Will Edwinson

Author & Storyteller

Winter weather, copy machines, rock music, add up to frustration

Shoveling Snow

Image courtesy of debspoons/FreeDigitalphotos.net

 Some days it seems it just doesn’t pay to get out of bed.  I experienced one of those days a few years ago in Idaho.  It was the morning of April 7, two and a half weeks after the official first day of spring.  I looked outside and the ground was white.  I was instantly thrown into a cranky mood, it had been a long hard winter.  My frustration was heightened when  I had to scrape an inch of ice and snow off my pickup windshield, and was further heightened when I went to my desk to write a couple of checks.  The top of the desk was a literal disaster area.   How could I have let it become such a mess, I thought.  I proceeded to remove the clutter to make room to write the checks.

 I had two wastebaskets in my office; one for junk mail from which my name and any other identifying matter had been removed, and one for the shredder where the stuff I didn’t want floating around in the public domain went.  While cleaning off my desktop, I inadvertently threw some papers with my name on them into the junk mail basket, which meant I had to dig through that mess to find those papers, wasting about twenty minutes of time that I really didn’t want to afford, but persistence prevailed, and I solved that problem,  I finally rediscovered the top of my desk and wrote my checks.  Now it’s off to  the copy center to have some copies made.  I’m an old fashioned guy who believes in service; so when I go into a place of business, I actually expect to be waited on and have my service performed by the business employees.  That was not to be, that day. The particular copy center where I liked to do business was rapidly becoming a center equipped with new fancy so-called self-serve computerized robot machines.  I must state here that my relationship with computers is tenuous at best. I and those electronic beasts just do not get along well at all.

 I entered the copy center with papers in hand where a young lady graciously asked if she may help me.  Thinking she was offering to do my copying for me, I said, “Yes, you may, thank you.”  I told her what I wanted, and she said she would help me as soon as she finished helping the gentleman standing next to me.  I said, “That’s fine.”  He was there to send a fax.  He handed her a stack of papers.  She handed them back to him with instructions to feed them into the fax machine.  He obviously was not familiar with the procedure, because he put them into the machine in the wrong order, which necessitated her having to do it for him anyway—so much for self-service.

 Now it’s my turn.  She asked me if I would be paying with cash, or would I be using a debit or credit card.  This question struck me as rather odd, but I told her I would probably be paying with a credit card.  She then asked me to follow her over to one of the copy machines, into which, she instructed me to insert my card.  I did, and it ate it.  Gobbled it right up.  A bit startled, I told her, “This blasted machine just ate my credit card!”  She assured me I would get it back . She put my papers in the machine, and proceeded on her way to another customer.

I said to her, “Wait a minute, when is this beastly machine going to give back my credit card?”  She told me that after it finished making my copies and had them counted I was to push a little green button on the machine, and it would return my card. I was dubious but said, “okay.”  She then left me at the mercy of this merciless machine for which I had absolutely no trust.  It finished its task, I found the little green button, pushed it, and whata ya know; surprise of surprises, I did get my card back. I breathed a sigh of relief.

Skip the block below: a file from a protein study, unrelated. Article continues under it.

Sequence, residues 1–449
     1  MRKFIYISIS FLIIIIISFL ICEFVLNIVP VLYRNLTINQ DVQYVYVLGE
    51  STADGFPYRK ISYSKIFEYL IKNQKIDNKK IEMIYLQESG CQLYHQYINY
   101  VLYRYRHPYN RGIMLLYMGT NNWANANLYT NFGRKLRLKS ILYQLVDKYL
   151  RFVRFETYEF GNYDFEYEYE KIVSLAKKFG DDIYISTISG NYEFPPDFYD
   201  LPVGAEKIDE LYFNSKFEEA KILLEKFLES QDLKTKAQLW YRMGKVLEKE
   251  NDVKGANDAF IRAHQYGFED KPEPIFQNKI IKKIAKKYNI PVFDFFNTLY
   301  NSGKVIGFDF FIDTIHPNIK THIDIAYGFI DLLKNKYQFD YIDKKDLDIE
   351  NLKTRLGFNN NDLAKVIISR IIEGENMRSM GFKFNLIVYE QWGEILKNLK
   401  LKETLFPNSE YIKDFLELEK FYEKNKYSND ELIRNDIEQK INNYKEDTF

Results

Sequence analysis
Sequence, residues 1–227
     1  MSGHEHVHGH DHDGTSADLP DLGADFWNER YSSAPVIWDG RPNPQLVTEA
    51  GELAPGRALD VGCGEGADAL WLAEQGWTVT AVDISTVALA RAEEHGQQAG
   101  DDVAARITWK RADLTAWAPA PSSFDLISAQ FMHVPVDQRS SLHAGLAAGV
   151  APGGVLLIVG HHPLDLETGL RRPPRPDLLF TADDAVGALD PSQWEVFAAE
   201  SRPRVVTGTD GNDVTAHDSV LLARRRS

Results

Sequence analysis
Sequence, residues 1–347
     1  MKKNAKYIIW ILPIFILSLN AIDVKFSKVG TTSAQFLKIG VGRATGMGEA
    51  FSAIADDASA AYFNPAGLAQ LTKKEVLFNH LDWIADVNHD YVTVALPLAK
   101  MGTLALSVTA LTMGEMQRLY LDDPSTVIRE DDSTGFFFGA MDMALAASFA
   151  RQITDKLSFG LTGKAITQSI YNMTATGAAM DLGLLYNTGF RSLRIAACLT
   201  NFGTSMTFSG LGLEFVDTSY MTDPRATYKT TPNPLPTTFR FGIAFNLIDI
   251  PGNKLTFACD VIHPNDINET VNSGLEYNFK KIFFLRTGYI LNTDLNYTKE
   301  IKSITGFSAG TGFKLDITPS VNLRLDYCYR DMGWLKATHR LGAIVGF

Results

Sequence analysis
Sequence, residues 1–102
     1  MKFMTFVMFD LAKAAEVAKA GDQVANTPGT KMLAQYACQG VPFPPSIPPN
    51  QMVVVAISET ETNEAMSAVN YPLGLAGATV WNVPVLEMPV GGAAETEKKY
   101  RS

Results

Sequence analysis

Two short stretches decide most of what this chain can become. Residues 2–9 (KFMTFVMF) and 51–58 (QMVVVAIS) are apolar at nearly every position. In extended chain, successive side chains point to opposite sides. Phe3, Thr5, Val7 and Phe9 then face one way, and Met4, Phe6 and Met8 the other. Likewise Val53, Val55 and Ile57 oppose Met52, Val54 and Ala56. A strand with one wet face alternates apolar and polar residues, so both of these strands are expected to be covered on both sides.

I went back over to where the attendant was, and asked her if I could get a receipt.  She said, “Put your credit card in that machine over there.”  Here we go again, I thought.  “Over where?” I asked.  She then came around the counter and led me to the machine.  “Insert your card here,” she said.  I did, and this machine also ate my card.  She then told me to touch a spot on the screen where it says receipt.  I did, and again to my amazement–and relief– a few seconds later, out came my card and a printed receipt.  I still maintain she should have done all this for me herself in the first place , because if I ever go back in again for more copies, I won’t remember the procedure, and they’ll have to do it for me anyway. Again, so much for self-service.

Now, it’s off to the department store.  I walk in and I’m immediately slapped upside the head by blaring rock type music.  Oh. Lord, have mercy on my soul. Rock music affects me the same as running fingernails down a chalkboard.  I just can’t stand the stuff.  Still in a cranky mood from the lousy winter weather—it was April, for crying out loud—I scuttled the department store shopping, and went home.  “Tomorrow will be better,” I said. “The sun will be out, and the birds will be singing.  I’ll take the car out of the garage and go for a spring drive.  It’ll be good day for that.”

While you’re here on my homepage, why not click on the “free download” button over at upper right and get your free copy(while they last) of the prologue and first three adventures of my book, Buddy…His Trials and Treasures.  If your blood pressure is ever as high as mine was that day, I guarantee these little tales will bring it down.  In the meantime, have a nice day.

–Will

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